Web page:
Nock, like Rocket League, does not require the use of audio. While the audio slider options are there for those who want to make use of them, audio isn’t required to enjoy the game. Throughout matches, the audio is only supplementary to the atmospheric immersion. You do get certain sounds like the successfully picked up arrows indication and goal noises, but nothing that needs significant attention.

With this being a Quest 2 title, players can make use of the headset’s built-in microphone to communicate with other players. While the quality isn’t all that bad for the most part, those with the game’s volume set too loud can cause a disturbance which makes for an unpleasant experience on my end. With struggling to hear players anyway, I just mute the voice chat.

Death in Balls

While the majority of my time with Nock was feeling absolutely badass as an archer in an arena, there are moments when it is possible to die. At least for a brief period of time. When the ball gains enough speed and hits a player, that player will explode and then respawn shortly after.

It happened to me once, and everything fades to a darker contrast. A few seconds pass, a quick flash and I’m respawned. Thankfully this seems to happen rarely as every death I caught looked entirely accidental. At least it feels that way because I cannot target the ball in such a way to strategically hit someone…but that may be my aim!

Understanding Visuals

My one struggle with Nock and accessibility comes down to the legibility of some essential elements. For example, the bow can hold a maximum of three arrows which are signified by the three balls that are tracked alongside my bow. This means that the only time I see my ammo counter is if I have my bow drawn.

There’s also the reticle I mentioned earlier. While handy to have should I require more visual guidance with my aim, it’s hard to see. In saying that, when aiming, the number of arrows is displayed around the reticle, but this wasn’t abundantly clear initially. If you look at the above image, you’ll see three black circles filled in indicating a full quiver of arrows, while a thin outline is displayed for an empty space.

Scattered across the arena are green dots that are automatically picked up when near. Each one signifies one arrow, while a bigger three-arrow pickup is available but less common. The issue here is that the one available arena is bright and I struggle to see the ammo pickups as clearly. Meanwhile, the other arena feels better contrasted due to the darkness.

Despite this, keeping track of the ball is fairly well done. A large green circle with a directional arrow will appear locked to my view and will show the off-screen location of the ball. Once the ball is back in view, that directional indicator vanishes, but not before placing a thick green circular border around it for a brief moment.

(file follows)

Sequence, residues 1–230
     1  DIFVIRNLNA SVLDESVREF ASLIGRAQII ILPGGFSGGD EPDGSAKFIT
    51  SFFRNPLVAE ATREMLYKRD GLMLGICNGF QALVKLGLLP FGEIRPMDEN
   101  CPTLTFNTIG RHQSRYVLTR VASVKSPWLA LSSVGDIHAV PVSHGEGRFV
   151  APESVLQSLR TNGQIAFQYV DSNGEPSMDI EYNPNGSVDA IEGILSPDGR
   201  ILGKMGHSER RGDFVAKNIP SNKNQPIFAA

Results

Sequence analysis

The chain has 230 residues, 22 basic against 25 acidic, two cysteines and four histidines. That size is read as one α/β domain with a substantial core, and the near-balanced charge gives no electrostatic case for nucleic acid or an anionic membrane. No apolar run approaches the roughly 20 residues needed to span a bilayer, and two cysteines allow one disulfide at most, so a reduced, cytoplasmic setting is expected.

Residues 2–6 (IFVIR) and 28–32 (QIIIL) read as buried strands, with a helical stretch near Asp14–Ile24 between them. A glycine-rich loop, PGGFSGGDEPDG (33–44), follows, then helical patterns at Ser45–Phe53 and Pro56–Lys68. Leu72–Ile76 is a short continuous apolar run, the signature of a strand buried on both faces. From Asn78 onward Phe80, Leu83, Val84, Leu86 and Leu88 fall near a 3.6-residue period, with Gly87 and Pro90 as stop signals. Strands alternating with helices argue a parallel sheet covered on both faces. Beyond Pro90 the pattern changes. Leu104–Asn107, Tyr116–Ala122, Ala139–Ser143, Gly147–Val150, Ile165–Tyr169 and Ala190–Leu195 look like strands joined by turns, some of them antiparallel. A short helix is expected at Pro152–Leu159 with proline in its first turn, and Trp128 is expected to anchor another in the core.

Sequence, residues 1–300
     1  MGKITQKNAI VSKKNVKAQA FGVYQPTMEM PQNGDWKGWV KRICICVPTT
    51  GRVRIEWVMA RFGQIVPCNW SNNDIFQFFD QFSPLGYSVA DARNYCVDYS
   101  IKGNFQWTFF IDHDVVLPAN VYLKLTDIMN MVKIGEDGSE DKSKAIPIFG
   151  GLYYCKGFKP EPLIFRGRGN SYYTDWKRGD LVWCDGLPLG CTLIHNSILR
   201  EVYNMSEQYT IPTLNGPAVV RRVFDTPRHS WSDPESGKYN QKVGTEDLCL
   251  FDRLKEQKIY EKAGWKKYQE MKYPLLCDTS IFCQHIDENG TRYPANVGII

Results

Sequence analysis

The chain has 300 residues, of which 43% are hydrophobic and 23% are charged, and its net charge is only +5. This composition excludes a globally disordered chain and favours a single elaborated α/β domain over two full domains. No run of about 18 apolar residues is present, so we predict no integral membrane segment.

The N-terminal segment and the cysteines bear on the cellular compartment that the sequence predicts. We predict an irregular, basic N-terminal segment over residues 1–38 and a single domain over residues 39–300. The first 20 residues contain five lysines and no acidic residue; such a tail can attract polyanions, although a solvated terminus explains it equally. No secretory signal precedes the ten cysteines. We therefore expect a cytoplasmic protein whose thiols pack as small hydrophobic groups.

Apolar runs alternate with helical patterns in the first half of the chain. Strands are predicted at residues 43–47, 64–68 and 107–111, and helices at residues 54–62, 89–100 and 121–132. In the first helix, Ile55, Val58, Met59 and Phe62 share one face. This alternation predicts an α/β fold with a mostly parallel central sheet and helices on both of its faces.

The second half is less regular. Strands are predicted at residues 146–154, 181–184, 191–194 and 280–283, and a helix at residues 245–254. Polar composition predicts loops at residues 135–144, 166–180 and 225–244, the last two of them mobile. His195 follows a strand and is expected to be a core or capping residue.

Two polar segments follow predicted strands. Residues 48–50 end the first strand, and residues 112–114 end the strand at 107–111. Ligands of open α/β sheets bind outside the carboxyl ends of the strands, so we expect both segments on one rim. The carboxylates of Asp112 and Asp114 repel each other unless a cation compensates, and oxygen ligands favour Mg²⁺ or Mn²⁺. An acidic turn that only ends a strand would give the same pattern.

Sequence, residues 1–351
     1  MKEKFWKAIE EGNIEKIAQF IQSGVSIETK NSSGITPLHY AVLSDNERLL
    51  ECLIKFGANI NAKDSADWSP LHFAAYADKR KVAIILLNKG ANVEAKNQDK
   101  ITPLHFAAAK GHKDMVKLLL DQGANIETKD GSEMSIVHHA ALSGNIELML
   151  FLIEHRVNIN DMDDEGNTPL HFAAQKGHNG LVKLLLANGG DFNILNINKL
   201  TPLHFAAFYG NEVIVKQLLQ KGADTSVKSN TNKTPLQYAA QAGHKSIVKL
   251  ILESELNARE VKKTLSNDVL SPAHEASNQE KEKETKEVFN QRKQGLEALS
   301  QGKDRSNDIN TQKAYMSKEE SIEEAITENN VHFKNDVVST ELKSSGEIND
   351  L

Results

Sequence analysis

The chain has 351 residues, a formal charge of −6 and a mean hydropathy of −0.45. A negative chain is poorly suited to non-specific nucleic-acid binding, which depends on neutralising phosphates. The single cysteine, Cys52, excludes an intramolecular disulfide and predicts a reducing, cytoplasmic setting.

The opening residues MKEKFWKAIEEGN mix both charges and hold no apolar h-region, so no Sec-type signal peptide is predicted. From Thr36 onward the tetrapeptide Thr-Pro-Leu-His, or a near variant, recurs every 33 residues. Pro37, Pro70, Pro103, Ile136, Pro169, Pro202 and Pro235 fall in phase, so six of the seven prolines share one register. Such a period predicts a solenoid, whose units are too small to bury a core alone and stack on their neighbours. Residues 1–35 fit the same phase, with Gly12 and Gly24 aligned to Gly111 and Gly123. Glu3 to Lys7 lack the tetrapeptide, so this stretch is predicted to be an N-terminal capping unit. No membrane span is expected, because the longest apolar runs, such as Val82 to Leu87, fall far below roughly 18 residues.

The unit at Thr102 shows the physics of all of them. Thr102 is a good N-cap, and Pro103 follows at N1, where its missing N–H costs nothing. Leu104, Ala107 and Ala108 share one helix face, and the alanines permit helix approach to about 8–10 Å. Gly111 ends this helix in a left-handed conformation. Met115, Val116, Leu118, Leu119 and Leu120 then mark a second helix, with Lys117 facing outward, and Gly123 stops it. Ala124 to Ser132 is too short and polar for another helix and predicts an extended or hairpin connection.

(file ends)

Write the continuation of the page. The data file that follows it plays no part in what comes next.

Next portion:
The ball also has a trail behind it to indicate the speed and direction it’s heading, and it leaves circles for each bounce.

There is an option to have the HUD displayed, but honestly, this is largely forgettable with me failing to see a timer clearly and the team scores being tucked away below me to the right. When a goal is scored a rather unenthusiastic “Player scored a goal” appears, and when the time is up a more peppy and stylized font appears.

Online or Bots

Nock is an online title, and my experience found me either playing against players who had the aim of Artemis, leaving me worn down and defeated. While others stood there for a few moments before abandoning the match within seconds. More often than not, I’d wind up alone unless I caught the game at a popular time.

There is a way to enjoy the game at a pace that suits you, and that’s through using bots in a custom match. The bot difficulty can be set, and I could either practice my skills or just have fun without the presence of strangers judging my terrible aim. The number of bot difficulties is helpful as well


While Nock is fun to play as a VR title, it’s certainly not great for accessibility, especially in terms of mobility. The twisting and arching of my back to keep up with a fast-moving ball had me feeling like I’d had a workout. Trying to play it sat down with pull movement just felt awkward and restrictive. Menu controls are an odd choice, with the main menu requiring physical aiming and firing instead of a pointer, but the in-game menu uses pointer control.

The legibility of the HUD is very lacking and seems to struggle to float around with the headset position. Ideally, a tightly-locked HUD may fare better. While other in-world elements are visible, more could be done to make them stand out, such as collectable arrows and ammo counters. At the moment, the roadmap doesn’t appear to have anything that would be interesting for accessibility, and features such as quick chat are largely illegible.

I really liked the fact audio doesn’t play a major role in Nock, and understanding where the ball is was achieved nicely with on-screen effects. Admittedly, it would be nice to have an option to always have this effect available as the ball does get lost in the visual mess when moving around quickly.

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Ben is the one in charge of keeping the content cogs at Can I Play That? turning. Deafness means that he has a focus on discussing captions, but with experience in consultancy and advocacy, he covers what bases he can. Having written about accessibility in video games at DualShockers, GamesRadar+,, Wireframe, and more he continues his advocacy at CIPT. He was actually awarded a Good Games Writing award for an article he wrote here! He enjoys a range of games, but anything that’s open-world and with a photo mode will probably be his cup of tea. You can get in touch with him at: